Dying to Protect Coral Reefs? We Have Just The Thing For You!
With its vastness and beauty, the ocean has captivated the hearts and imaginations of human cultures for generations. From seaside weddings to lantern lightings and even sea burials, its mystic power has been a common denominator in many religious and cultural ceremonies. The ocean has given us so much, but now that it needs our help, could we give it our all and even more?
The ocean, in all of its mystery and wonder, has inspired intrigue and fear in the hearts of men for ages. Even now, as science has helped us uncover many of its secrets, most of it remains unobserved and unexplored—rivaling only outer space in its sheer ability to baffle us.
What little we do know about the ocean tells us that below its surface lies a busy ecosystem brimming with diverse plant and animal life. It’s also home to coral reefs—vast underwater habitats formed from the skeletal remains of coral polyps. Despite their macabre origins, coral reefs are awash with life. Covering less than 1% of the ocean floor, these diverse ecosystems are home to thousands of species—earning themselves the nickname the “rainforests of the ocean”.
Just like the rainforests, our coral reefs need protecting. Global and human factors like pollution, unsafe fishing practices, climate change, and coastal development have put them in a rough spot—eroding over 50% of the world’s reefs in the past 30 years. Taking action to protect the ocean has never been more important, as scientists now predict that up to 90% of the world’s coral could disappear within the next century. Failing to do so, sea-lovers warn, could have dire consequences for both man and fish-kind.
This is because coral reefs are more than just colorful decorations on the seafloor. While serving as gorgeous tourist attractions, they also offer coastal protection from storms and erosion—acting as a buffer between large waves and important coastlines. Millions rely on them for fishing, and the many unique species living in the reefs offer important breakthroughs in medicine. With all that they do, large-scale reef decay would mean an almost 30 billion dollar loss in revenue from the fishing, tourism, and pharmaceutical industries combined—creating dire consequences indeed.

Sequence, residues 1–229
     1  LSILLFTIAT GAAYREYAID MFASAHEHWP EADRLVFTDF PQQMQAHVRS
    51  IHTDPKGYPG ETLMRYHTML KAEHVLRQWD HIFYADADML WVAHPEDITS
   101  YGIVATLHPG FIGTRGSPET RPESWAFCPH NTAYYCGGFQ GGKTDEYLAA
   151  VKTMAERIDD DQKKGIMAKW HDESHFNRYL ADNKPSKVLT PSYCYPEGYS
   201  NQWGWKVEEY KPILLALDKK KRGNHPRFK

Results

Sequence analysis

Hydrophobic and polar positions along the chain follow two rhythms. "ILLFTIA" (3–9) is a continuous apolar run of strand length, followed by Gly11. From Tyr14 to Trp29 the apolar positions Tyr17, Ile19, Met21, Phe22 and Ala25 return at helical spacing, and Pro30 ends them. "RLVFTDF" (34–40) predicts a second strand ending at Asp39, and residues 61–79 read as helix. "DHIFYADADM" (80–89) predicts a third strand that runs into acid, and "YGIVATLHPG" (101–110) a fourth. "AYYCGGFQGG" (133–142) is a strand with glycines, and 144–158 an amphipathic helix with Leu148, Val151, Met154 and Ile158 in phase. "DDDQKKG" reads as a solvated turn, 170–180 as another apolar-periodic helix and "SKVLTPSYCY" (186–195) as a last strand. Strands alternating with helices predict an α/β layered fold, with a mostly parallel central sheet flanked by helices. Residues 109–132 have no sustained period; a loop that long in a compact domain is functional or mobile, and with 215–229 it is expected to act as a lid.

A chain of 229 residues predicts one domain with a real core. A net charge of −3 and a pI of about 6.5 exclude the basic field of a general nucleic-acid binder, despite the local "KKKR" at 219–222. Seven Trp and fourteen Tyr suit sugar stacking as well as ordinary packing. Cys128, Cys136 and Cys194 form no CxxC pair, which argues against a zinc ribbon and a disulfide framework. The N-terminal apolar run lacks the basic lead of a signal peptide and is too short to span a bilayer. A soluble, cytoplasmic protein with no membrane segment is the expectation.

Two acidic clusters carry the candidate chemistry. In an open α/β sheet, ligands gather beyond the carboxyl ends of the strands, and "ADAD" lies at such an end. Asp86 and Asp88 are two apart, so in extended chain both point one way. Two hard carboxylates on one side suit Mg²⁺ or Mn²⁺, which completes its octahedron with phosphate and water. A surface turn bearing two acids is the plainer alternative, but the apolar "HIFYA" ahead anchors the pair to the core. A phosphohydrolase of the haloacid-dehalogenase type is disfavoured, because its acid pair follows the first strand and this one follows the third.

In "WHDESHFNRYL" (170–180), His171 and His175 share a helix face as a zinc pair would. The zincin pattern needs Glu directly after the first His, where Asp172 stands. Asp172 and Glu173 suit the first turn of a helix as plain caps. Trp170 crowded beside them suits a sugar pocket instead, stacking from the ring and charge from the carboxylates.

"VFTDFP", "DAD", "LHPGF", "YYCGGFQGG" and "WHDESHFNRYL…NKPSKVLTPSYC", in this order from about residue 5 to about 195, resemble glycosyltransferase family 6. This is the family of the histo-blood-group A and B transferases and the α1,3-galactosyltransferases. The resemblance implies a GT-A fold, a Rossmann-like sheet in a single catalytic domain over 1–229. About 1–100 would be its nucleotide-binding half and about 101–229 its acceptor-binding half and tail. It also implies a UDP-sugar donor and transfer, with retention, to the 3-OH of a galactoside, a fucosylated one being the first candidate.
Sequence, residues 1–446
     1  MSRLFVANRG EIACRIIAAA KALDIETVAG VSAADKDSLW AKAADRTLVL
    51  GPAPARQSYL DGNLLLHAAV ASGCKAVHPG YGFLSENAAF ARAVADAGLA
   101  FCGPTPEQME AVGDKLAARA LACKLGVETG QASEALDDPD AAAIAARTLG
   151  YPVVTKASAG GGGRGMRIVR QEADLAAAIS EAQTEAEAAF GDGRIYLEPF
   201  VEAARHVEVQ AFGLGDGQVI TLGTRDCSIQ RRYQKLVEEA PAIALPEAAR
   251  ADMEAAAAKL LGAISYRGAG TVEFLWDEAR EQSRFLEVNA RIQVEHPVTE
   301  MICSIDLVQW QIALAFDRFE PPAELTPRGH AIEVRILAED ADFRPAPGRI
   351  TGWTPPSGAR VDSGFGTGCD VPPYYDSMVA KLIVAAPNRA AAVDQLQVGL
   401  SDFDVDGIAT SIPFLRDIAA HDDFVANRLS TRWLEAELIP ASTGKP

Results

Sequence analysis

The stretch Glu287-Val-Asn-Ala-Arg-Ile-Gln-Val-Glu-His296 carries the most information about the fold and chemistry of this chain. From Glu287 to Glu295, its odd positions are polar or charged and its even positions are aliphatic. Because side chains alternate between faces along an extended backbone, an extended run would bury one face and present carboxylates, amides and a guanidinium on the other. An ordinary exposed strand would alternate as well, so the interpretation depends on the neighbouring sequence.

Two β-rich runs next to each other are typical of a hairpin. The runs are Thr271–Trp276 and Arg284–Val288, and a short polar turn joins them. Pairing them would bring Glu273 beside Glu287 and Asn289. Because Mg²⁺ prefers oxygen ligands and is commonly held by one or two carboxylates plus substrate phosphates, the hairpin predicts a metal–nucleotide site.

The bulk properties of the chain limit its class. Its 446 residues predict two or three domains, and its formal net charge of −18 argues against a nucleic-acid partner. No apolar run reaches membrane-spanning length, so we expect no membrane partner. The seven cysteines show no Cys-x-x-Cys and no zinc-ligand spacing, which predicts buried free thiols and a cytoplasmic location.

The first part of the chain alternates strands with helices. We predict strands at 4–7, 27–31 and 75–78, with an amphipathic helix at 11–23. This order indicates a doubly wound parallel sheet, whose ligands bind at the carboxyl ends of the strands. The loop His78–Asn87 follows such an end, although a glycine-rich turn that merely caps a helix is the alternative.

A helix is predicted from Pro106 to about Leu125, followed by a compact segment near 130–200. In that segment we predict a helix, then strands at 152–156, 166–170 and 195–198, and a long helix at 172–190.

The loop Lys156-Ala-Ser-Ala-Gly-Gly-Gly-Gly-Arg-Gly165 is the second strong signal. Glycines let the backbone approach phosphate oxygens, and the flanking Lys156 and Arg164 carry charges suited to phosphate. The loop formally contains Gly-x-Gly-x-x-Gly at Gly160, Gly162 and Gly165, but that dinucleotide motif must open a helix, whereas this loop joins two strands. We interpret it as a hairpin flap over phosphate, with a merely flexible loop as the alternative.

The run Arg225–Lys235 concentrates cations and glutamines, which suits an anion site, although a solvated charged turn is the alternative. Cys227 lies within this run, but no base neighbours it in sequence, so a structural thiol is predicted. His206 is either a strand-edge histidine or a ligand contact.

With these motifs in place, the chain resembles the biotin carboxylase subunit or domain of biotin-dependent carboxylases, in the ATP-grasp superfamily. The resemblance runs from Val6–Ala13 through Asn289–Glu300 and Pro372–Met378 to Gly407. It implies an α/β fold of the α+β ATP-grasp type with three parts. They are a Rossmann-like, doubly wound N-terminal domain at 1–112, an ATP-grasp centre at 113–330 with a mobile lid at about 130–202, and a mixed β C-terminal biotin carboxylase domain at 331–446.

But through their passion and creativity, sea-lovers have found a new way to help stave off reef decay: by becoming one with them after they’ve passed on.
The idea isn’t new. People have laid themselves to rest at sea for generations, and though they lack the flair and ceremony of Viking sea burials, memorial reefs still carry the same deep meaning. The process is simple; the departed elects to have their ashes incorporated into a sea-friendly concrete mixture and the service uses it to form an artificial reef structure. This reef is then placed in an underwater location chosen by the individual or a loved one where, over time, fish, coral, and sponges begin to grow and make homes in the structure.
These reefs can be personalized as much as the departed or loved one wants, and create a permanent memorial to the deceased while also helping preserve the ocean’s health. Loved ones can visit the reef as often as they’d like, allowing them to see the new life their departed has helped create. Through services like Eternal Reefs, dedicated sea-lovers can find solace in knowing that their fight to protect the ocean continues long after they’re gone.
Artificial Reefs—The Funky Future of Ocean Conservation?
But for those not quite ready to dive in, there are plenty of other solutions for the sea. Marine biologists and ocean-lovers alike have been talking about artificial coral reefs for centuries, with the first man-made reefs being used to improve fishing in 17th-century Japan. However, the reefs of today vastly differ from the rocks and logs fishermen used to attract sea life—having advanced in design and function largely due to the work of Filipino marine biologist Angel Alcala, who designed the first artificial coral reef in 1977.
In the years since the first structure, the artificial reefs off the coast of Dumaguete and Dauin have become both a wonderful tourist attraction and sanctuary for local sea life. True to Alcala’s original designs, the man made reefs of today still consist of sturdy, often metal structures that aim to prioritize coral growth and minimize any disruption to the underwater environment.
Before Alcala’s efforts, artificial reefs were a hit-or-miss endeavor. While some early structures did achieve their goal of preserving fish habitats, others did more harm than good—either being too unstable to promote coral growth or consisting of materials that proved toxic to sea life. These early reefs were a part of the huge learning curve that taught scientists what did and didn’t work for sea conservation, and artificial reefs have come a long way since then.
Reef designs these days are more purposeful, ranging from the elaborate and artistic to the deliberate and inconspicuous. These structures aim to fulfill a myriad of purposes, like attracting divers to relieve tourism pressure on existing reefs, providing vast habitats for local fish to flourish, and adding extra mass and support to deteriorating natural reefs. Though just one of many solutions to coral decay and ocean deterioration, artificial reefs grow more promising and elaborate with time—providing scientists with hope that more creative solutions to coral decay lay just over the horizon.
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